Egypt is a truly fascinating and worthwhile destination to travel to. Bursting with fascinating historical and cultural landmarks, and home to some iconic sites, an Egypt tour will not disappoint. However, as with any place in the world, there can be some minor challenges to face when visiting Egypt. That is why it is important to be armed with as much information as possible, in order to ensure a smooth and fully-enjoyable experience.
The art of the haggle - the light-hearted back-and-forth of bargaining - is a very useful skill to have when going on a holiday in Egypt. Negotiate with vendors at markets, sellers in corner shops, and even with taxi drivers - they expect it of tourists and won't be offended. Don't be afraid to say no and walk away!
For more information on how to haggle, this thread on TripAdvisor has some good ideas.
It may seem strange, but most restrooms in Egypt won't have any toilet paper in them. Most will have a bidet built into each stall, but many travellers aren't used to using one. Rather carry your own roll of toilet paper or a pack of tissues on your Egypt tour - you'll be glad you did.
You'll be visiting many ancient monuments and important historical sites in Egypt, such as the Egyptian Museum. Many will have signs indicating that flash photography is not allowed. Kindly follow these rules - bright flashes can damage the monuments, and you may even be asked to leave if you fail to comply.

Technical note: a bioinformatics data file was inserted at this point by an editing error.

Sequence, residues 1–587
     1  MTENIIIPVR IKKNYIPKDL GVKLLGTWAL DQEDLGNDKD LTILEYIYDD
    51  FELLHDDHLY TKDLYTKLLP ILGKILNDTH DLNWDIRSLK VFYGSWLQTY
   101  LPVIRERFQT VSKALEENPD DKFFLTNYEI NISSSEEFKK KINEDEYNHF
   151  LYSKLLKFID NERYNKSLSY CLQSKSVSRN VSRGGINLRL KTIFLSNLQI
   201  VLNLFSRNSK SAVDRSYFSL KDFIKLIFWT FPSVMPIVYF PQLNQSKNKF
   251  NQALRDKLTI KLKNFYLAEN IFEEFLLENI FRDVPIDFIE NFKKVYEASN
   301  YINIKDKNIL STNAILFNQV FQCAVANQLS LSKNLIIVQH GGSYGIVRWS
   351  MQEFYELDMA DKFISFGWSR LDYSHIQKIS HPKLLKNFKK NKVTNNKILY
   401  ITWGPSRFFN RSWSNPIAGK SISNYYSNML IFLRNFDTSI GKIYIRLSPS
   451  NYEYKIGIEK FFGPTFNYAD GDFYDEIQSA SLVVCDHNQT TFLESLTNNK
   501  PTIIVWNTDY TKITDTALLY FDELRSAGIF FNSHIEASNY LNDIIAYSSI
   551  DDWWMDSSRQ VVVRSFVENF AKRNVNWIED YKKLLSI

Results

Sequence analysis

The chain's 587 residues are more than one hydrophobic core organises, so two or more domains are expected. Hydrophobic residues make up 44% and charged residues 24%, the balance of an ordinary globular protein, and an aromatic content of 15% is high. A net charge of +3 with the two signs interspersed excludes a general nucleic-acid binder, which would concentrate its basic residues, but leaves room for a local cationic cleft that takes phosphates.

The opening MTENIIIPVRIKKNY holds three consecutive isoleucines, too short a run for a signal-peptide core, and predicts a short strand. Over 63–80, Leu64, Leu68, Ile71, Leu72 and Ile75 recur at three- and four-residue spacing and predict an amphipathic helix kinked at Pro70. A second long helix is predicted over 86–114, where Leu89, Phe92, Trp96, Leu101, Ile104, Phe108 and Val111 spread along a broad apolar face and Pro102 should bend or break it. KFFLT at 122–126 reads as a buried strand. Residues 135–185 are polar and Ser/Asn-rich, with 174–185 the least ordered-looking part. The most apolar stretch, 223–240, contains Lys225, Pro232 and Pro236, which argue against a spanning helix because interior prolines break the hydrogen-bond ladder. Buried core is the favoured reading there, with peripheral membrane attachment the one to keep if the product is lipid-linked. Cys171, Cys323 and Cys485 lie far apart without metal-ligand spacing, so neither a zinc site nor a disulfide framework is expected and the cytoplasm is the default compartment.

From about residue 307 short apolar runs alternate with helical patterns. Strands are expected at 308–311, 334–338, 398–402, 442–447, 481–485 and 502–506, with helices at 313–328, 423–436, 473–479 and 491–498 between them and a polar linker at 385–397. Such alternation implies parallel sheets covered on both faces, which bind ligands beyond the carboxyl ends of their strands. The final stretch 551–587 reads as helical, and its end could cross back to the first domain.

Since you'll be spending time in a place where the main language is not English, why not learn an Arabic phrase or two to use when communicating with the local people? It's a good ice-breaker and certainly adds a lovely touch to your experience! Some easy words to remember are:
Travellers go on Egypt tours all year-round, but there are certain times of the year when it is easier to go. Egypt is located in the desert, and it can get quite hot during the summer (June-August). However, this would be an ideal time for a seaside trip to a Red Sea resort.
The cooler months in Egypt are from November to March, and you will also find many tourist sites to be much less crowded during these times.
April, May and September, October are also good times to visit - the weather is warm, but not as hot as during the summer.
Egypt is a predominantly Muslim country, with conservative values and public dress codes. It's best to keep your attire at a reasonably modest level - keep your knees and shoulders covered as a minimum. This is especially important when visiting mosques and other religious sites during your Egypt tour. Females should bring along a light scarf to cover their hair, and always remove shoes before entering a mosque.
However, it is acceptable to wear bikinis and other similar types of swimwear if you are staying at the beach resorts on the Red Sea.
Tipping is known as "baksheesh" in Egypt, and is quite an important and generous thing to do when receiving a service. Many workers in Egypt receive relatively low salaries, so it's a nice gesture to give a tip to anyone who's provided you with a service. Keep some small change with you when you are out on your adventures.
It's a good idea to purchase a local SIM card when you arrive in Egypt, especially for getting hold of your tour guide. There are no public phones available. WiFi is generally available in restaurants and cafes in the big cities, as well as in 4- and 5-star hotels.
Take a Travel Adapter
The standard voltage in Egypt is 220 volts. Sockets are of the European two-prong type. A travel adapter/voltage converter will be needed for other socket/voltage types.